Emma Jane Howland Comish (1849-1917)
From "Comish Family History", chapter 10
In Primary interesting Biblical, or other, stories were read
or told. These had an ethical tinge. In fact, they were chosen
deliberately to convey the desirability or truthfulness, honesty,
industry and obedience and other equally important morals. Deportment
in all its various forms was explained and impressed upon the plastic
minds. Songs were sung and memorized. And to encourage the trainees,
they were sometimes permitted to perform at parties, or in Sunday
School, in front of their elders. Emma Jane loved this work and put
much effort into it, She was rewarded by noting the progress of the
children and receiving warm praise from their parents.
The Relief Society offered Emma Jane, along with the other,
church ladies, an opportunity to exercise their social abilities.
The women laid out the dead, washed and clothed them for burial, for
the professional undertaker had not appeared on the scene at that
time. They answered the call of the needy, supplying them with food
and clothing and fuel. They visited the sick and offered words of
encouragement to them. They took turns on giving lessons on the
Gospel. Occasionally, they even ventured into literature. A member
was assigned to treat the life and works of some famous author.
Quilting bees were held. Once or twice a year, the ladies gave a
dinner party at the Church House. To these parties their husbands
were invited to partake of delicious foods and listen to the
specially prepared program. Emma Jane entered into these activities,
enjoying them immensely.
At the evening of life, the Comish mother moved into her new
house in Franklin. Here, by preference she lived alone, but some of
her children lived nearby to assist her when needed Unfortunately,
rheumatism attacked her hands and bent her fingers out of shape.
From this ailment, she suffered excruciating pain. Despite the pain,
she insisted on doing her own housework and kept the place neat and clean. She proudly combed her beautiful black hair, hardly tinged
with grey. She parted it in the middle, braided it and wound it into
a bun, which she wore toward the back of her head. She groomed
herself becomingly and continued to go out socially, especially to
church meetings. Apparently, she kept completely alive to the people
and things about her to the very last. At the age of 69, she died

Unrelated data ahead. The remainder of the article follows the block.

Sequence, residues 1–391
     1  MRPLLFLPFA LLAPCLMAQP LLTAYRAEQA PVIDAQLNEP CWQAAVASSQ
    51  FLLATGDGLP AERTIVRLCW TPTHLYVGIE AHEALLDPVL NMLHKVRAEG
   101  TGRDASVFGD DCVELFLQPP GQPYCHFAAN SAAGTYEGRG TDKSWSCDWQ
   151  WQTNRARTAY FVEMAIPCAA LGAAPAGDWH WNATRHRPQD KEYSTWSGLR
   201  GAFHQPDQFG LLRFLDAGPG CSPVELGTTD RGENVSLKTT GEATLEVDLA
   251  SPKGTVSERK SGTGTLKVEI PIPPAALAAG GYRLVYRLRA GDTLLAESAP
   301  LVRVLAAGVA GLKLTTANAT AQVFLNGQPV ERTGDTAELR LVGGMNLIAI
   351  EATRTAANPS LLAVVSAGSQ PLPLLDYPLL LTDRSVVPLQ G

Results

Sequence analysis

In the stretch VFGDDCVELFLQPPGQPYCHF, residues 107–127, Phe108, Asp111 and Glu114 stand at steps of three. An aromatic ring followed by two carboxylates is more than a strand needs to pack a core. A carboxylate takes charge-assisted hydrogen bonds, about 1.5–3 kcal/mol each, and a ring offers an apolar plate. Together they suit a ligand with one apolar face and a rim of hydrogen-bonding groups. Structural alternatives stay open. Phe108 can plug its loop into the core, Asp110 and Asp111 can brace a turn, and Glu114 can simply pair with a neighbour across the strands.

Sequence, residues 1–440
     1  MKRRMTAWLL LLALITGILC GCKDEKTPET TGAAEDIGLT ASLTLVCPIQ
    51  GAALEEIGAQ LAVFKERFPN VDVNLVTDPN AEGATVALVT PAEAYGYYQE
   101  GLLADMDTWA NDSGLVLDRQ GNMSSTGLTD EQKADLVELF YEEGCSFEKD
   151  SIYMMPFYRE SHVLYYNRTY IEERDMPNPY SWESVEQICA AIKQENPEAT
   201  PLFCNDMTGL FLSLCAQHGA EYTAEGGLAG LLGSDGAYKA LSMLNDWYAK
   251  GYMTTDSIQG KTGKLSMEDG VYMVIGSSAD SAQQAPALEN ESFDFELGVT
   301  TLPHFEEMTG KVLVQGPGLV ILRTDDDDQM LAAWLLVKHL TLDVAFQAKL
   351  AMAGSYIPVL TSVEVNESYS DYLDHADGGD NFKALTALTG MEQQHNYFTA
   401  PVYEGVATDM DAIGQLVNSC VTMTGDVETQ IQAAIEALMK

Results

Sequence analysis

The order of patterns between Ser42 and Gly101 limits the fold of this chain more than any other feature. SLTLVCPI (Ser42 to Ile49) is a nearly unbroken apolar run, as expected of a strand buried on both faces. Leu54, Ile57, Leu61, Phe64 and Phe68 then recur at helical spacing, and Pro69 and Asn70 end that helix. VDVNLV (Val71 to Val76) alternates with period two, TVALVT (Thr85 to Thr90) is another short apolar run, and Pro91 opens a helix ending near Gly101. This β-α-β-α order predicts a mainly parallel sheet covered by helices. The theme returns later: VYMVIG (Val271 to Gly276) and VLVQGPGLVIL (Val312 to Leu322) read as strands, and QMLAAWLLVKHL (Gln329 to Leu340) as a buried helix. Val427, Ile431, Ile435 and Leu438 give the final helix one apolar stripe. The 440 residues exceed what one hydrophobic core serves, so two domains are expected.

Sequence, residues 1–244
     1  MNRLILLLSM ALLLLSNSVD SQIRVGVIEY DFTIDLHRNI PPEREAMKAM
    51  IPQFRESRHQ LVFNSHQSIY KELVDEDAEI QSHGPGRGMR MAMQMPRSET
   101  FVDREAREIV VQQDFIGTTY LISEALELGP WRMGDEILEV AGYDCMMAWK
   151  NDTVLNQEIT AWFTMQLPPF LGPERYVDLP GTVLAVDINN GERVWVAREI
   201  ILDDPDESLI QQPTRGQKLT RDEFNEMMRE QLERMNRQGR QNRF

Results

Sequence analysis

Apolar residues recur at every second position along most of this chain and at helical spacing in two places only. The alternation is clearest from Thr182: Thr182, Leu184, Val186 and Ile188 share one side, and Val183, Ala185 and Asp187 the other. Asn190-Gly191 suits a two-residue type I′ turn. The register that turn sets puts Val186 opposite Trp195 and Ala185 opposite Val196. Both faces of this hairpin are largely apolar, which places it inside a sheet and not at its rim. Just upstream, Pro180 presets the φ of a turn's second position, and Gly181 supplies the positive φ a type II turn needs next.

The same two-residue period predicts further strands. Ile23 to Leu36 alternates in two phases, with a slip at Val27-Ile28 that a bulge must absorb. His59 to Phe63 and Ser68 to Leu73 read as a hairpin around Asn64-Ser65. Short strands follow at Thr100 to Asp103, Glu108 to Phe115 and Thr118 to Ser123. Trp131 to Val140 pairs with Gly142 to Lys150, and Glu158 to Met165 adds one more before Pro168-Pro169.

with rheumatism of the heart.
One tribute to her is found, given in a newspaper, covering her
funeral. Here it is:
"Mrs. Emma Jane Comish died December 24, 1917, of rheumatism of the
heart. The funeral was held here (Franklin) December 27 and was
attended by practically all the grown people of Cove and Franklin. "Mormons" and non-"Mormons" alike turned out to show their respect for
her memory. The services began at 1 o'clock, Bishop S. C. Parkinson
presiding. Prayer was offered by Cecil Woodard and the benediction by
Robert G. Lowe. Mrs. Nora Daines and Miss Hazel Larsen sang solos.
The speakers were Bishop H. L. Blair of Cove, former Bishop L. L.
Hatch (of Franklin), Thomas Durant, and Bishop S. C. Parkinson.
"Mrs. Comish was the daughter of Martha D. Howland and Henry Howland
and was born in Ogle County, Illinois, January 14, 1849. In 1852,
she and two of her sisters, Helen Packer and Martha Nash came to Salt
Lake City with their mother, their father having died on the plains.
The family resided in Salt Lake till 1860 when they moved to Franklin,
where Emma J. Howland married Robert Nephi Comish in 1865. Ten years
later the couple moved to Cove, where Mrs. Comish proved up on a
homestead and devoted devoted herself to the rearing of a family in
which labor she was very successful. For eleven years she was
President of the Primary Association of Cove and for nearly as long,
she was in the Presidency of the Relief Society, and a teacher In the
"Mrs. Emma J. Comish was the mother of ten children: Joseph N. Comish
of Mountain Home, Utah; William H. and Myron E. Comish of Grace,
Idaho; George F. Comish of Franklin, Idaho; Mrs. Peter Whitehead
(deceased); Mrs. J. C. Larsen, Jr. of Lewiston, Utah; Robert C.Comish
of Grace, Idaho; Mrs. William Robinson of Franklin, Idaho; and Newel
H. Comish of the Oregon State Agricultural College, Corvallis, Oregon.
She also is survived by two sisters and a brother: Mrs. Helen Packer
of Showlow, Arizona; Mrs. Robert Parsons of Blackfoot, Idaho; and Don
Hickman of Eureka, Utah. All the living children, together with the
second sister attended the funeral." Deseret News, Jan. 5, 1918.]